The property rights issue also figured into debate over the Niagara Falls NHA. In May of this year, Representative Rob Bishop (R-UT) argued that the designation would give government entities “significant influence” to use eminent domain. In response to Bishop’s concerns, National Parks Subcommittee Chair Raul Grijalva (D-AZ) noted that “no evidence of any adverse impacts on private property rights has ever materialized.”

Eminent domain was an extremely hot topic in the last Congress, but since, the issue has died down as a primary legislative flash point. Initial versions of the individual pieces of NHA legislation folded into H.R.1483 included language clearly outlining the role of private property. This underlying concern remains carefully clarified in the large bill for each of the individual NHAs proscribed.

An increase in funding for NHAs, within the current context of National Park maintenance backlog met with some opposition from budget hawks. Representative Jeff Flake (R-AZ) offered an amendment to the Niagara Falls bill earlier this year that would delay that bill’s enactment until all backlogged maintenance projects in New York state were taken care of. Representative Flake is known for opposing earmarks, and most recently, during the passage of the House Interior Appropriations bill, offered amendments blocking federal funding to Save America’s Treasures projects (because of the earmark issue).

Insufficient funding for existing NHAs has been cited as another reason not to increase authorized funding for new NHAs. And, as a point of comparison, other authorized programs, like the Historic Preservation Fund’s State Historic Preservation Offices and Tribal Historic Preservation Offices receive less than half of what they’re authorized to receive.

The National Park Service, and by extension, the Administration, opposed a number of NHA bills earlier this year because an official NHA program had not been established by law. Programmatic legislation would, according to NPS Deputy Director Daniel Wenk, provide a framework for evaluating proposed NHAs, offer guidelines for successful planning and management, clarify roles and responsibilities of all involved, and standardize timeframes and funding for designated areas. Congressional support for unifying legislation is mixed in large part because each NHA is directly connected to specific legislation and specific legislators who prefer autonomy.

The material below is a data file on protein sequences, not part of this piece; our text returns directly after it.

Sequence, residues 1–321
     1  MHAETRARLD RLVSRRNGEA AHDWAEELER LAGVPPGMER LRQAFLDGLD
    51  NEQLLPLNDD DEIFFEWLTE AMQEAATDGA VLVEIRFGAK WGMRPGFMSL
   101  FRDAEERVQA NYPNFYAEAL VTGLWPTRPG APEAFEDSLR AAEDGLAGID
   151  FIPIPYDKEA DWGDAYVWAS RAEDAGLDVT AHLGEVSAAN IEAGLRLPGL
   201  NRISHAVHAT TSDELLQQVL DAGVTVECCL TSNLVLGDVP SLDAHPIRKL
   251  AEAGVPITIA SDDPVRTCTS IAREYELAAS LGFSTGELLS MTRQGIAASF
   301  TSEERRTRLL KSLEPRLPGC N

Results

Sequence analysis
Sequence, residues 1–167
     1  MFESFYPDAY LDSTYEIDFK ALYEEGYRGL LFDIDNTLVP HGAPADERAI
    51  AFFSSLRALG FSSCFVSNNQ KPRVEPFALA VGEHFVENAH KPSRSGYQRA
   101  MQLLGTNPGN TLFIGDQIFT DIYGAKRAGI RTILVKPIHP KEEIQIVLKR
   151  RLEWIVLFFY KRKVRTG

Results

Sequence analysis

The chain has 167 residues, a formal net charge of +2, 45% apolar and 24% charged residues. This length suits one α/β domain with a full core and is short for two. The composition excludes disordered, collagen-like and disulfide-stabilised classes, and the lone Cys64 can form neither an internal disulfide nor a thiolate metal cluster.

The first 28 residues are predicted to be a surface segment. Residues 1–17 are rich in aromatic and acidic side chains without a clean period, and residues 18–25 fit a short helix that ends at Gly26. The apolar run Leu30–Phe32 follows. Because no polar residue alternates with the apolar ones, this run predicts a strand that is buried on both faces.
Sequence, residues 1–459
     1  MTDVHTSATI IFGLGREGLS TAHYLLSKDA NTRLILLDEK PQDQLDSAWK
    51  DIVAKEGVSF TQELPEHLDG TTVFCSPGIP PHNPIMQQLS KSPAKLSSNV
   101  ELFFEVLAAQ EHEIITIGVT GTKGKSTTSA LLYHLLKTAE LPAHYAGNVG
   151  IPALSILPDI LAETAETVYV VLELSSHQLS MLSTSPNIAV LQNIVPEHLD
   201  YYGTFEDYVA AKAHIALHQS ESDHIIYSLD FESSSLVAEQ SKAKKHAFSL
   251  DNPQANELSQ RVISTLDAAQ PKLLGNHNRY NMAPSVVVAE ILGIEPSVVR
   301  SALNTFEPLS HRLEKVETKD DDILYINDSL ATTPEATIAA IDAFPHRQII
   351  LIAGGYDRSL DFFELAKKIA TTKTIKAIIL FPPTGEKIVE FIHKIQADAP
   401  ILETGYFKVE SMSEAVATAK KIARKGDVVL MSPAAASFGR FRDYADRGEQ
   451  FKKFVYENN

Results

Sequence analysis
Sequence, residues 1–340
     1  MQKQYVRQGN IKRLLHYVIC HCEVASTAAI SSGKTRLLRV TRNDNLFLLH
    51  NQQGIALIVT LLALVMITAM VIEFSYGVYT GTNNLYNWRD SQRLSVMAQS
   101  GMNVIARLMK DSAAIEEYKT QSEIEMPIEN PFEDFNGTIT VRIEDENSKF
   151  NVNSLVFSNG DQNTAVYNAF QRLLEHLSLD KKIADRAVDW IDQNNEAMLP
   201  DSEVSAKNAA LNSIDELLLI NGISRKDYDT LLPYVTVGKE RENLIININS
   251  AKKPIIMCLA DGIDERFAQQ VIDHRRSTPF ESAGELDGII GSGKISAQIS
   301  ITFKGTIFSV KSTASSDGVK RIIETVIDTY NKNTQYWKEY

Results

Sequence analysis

Pushing Ahead

Arguments for NHAs are compelling, however, and are winning over a majority of Congress. The 70% majority vote for H.R. 1483 bodes well for preservation, at least as a tool for economic development through heritage tourism. In his remarks to the House, Rahall cited fellow Representative Ralph Regula’s (R-OH) figures for NHA impact in Ohio: $8 million in federal NHA dollars yielded $270 million in nonfederal dollars.

“We are moving this legislation today because we support national heritage areas and we want to see them succeed,” Rahall said. “We must not turn our backs on the many benefits that heritage areas have provided over the years, and we simply cannot leave local communities to fend for themselves as they try to save those things that make them special – that make America special.”

“All of the areas comprised in this legislation are worthy of the Congress’ attention. These National Heritage Areas not only help to jumpstart local economies, but also act as a critical tool for preserving our communities’ and our citizens’ links to the past,” Rahall said.